75 years of Tech India: Part I, The Last Century

Tech India

Sunil Rajguru
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2022 has been a landmark year where Independent India celebrated 75 years, the country’s first Personal Computer magazine PCQuest finished 35 years and the first software industry magazine Dataquest completes 40 years.


Post-Independence: The early years

When we got Independence, there was not much to talk about. We were struggling with getting our act together and feeding mouths. In tech the way was led by Calcutta’s Indian Statistical Institute in the mid-1950s, which housed the HEC-2M or a Hollerith Electronic Computer made by the British Tabulating Machine Company.

That’s when the concept of programming came to India and this machine helped the likes of IIT Kharagpur, TIFR Bombay and other institutes. Those were the days when a computer-machine was housed by a room and not kept on a table. The Russian Ural followed. This needed an interpreter as the instructions were in Russian, one of the reasons why the Soviet machines didn’t really catch on.


It was a different era. When we went high-tech in space, during our first rocket launch in 1963, certain parts and payloads were transported by bicycle and bullock cart as there was only one jeep assigned to this task and it was clearly not enough. TCS started as Tata Computer Services in 1968. That has undergone many iterations and transformations but remains India’s largest IT firm even as we enter 2023.

1970s: A mixed bag

HCL Enterprise was founded in 1976 and subsequently one of its subsidiaries HCLTech is a Top 3 IT company. In 1977, the computing scene got a severe setback as the Janata Government came to power at the centre and thanks to their implementation of FERA rules, IBM had to exit India, which at that time was the global behemoth.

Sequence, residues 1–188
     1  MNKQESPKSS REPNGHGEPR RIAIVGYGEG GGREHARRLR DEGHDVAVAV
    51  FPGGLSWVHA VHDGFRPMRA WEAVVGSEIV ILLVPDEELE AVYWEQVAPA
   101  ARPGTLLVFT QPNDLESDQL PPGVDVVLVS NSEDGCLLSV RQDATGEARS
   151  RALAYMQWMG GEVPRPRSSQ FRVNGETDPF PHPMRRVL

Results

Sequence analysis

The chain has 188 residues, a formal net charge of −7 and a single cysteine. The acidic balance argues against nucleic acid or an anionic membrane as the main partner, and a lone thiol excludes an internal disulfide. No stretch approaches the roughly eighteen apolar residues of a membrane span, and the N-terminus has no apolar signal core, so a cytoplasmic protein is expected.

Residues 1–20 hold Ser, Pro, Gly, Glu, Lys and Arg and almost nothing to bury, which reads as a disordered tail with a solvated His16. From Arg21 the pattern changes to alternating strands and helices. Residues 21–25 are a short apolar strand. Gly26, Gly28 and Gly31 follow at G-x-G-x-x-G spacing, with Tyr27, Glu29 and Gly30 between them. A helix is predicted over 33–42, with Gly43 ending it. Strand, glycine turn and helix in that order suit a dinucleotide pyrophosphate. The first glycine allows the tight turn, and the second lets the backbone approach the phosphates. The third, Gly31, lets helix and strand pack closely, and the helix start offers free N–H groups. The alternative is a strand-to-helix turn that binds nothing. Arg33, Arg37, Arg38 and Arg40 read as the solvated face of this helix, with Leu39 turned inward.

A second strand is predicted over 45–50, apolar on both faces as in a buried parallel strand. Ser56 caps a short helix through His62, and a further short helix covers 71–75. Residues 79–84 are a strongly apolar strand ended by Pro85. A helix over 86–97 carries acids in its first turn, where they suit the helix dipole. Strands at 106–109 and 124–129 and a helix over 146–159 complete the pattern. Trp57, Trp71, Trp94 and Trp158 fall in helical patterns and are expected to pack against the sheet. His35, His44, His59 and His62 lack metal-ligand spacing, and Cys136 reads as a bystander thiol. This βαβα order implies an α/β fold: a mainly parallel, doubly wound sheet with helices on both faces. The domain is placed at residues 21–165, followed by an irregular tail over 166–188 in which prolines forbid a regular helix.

The late seventies saw Western India Vegetable Products (started in 1945) incorporate an infotech division and today Wipro too is an IT giant. This was a time when the computer industry was heavily regulated. There was some relief when the Janata Government fell before its tenure in 1980.

The Steady 1980s: It all started here

The Tata Research Development and Design Centre, set up in 1980-81, was the first of its kind in software. By this time the need for computer education was paramount as the IITs were simply not enough and they were teaching outdated syllabi. That’s when NIIT was born.


In 1982 another iconic company Infosys was formed in Pune. The year saw the birth of CyberMedia which came out with a series of firsts: Dataquest, PCQuest, Voice & Data, CiOL, DQ Channels, Computers@Home/Living Digital, Global Services, DARE etc.

This was the decade of the Personal Computer. In 1984 we came out with the National Computer Policy that kickstarted a revolution. The office computer boosted productivity and spread innovation. The PC entered the home. In 1986 we had the National Software Policy and in 1988 the private Internet came to India. BBS (the precursor to the Internet chat rooms) followed.

While offices, homes and institutes were transformed, an entire PC ecosystem flourished. We had a networking boom and the accessories just kept coming. Companies like TVS Electronics flourished. The printer was a big hit and spawned the DTP revolution that changed the way we did business and publishing. Computer graphics changed the whole landscape of media. Newspapers and films along with the animation and ad industry entered a new era.


The Roaring 1990s: Liberalization, Telecom & the Net

The 1990s was the 1980s on steroids. We had the Liberalization of 1991 that dismantled our socialist License Raj. We truly became a consumer economy. Everything, not just electronics industry, changed. The stock market boomed. The corporate culture marched ahead and changed IT for good.

The 1994 National Telecom Policy popularized mobile phones, a real luxury at that time. Satellite TV made big bucks. Both were the precursors of the smartphone and streaming revolutions that would come much later.


In 1995 when the public Internet came to India, our integration with the world was complete. Email became a necessity both at home and in the office. Cybercafes dotted the lanes of the country as companies like Sify rode that wave. Ecommerce took off and some of the first big names were and

In 1999, Infosys became the first company to be listed on Nasdaq. IndiaWorld Communications became the first doctcom to be sold for more than $100m. The year saw the New Telecom policy. Assemblers like Zenith and distributors like Redington took off.

(Part II, The New Millennium)

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